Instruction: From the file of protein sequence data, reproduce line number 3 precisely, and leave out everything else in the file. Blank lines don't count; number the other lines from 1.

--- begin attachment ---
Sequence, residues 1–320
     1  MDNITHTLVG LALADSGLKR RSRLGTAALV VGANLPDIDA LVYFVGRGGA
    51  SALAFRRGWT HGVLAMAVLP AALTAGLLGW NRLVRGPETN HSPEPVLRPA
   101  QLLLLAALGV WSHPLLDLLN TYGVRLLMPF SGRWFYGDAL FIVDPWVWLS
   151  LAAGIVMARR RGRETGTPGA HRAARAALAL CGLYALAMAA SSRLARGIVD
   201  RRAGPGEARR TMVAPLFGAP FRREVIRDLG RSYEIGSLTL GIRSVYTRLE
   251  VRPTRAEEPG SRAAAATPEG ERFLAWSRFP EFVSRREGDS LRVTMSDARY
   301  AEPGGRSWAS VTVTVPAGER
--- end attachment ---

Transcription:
    51  SALAFRRGWT HGVLAMAVLP AALTAGLLGW NRLVRGPETN HSPEPVLRPA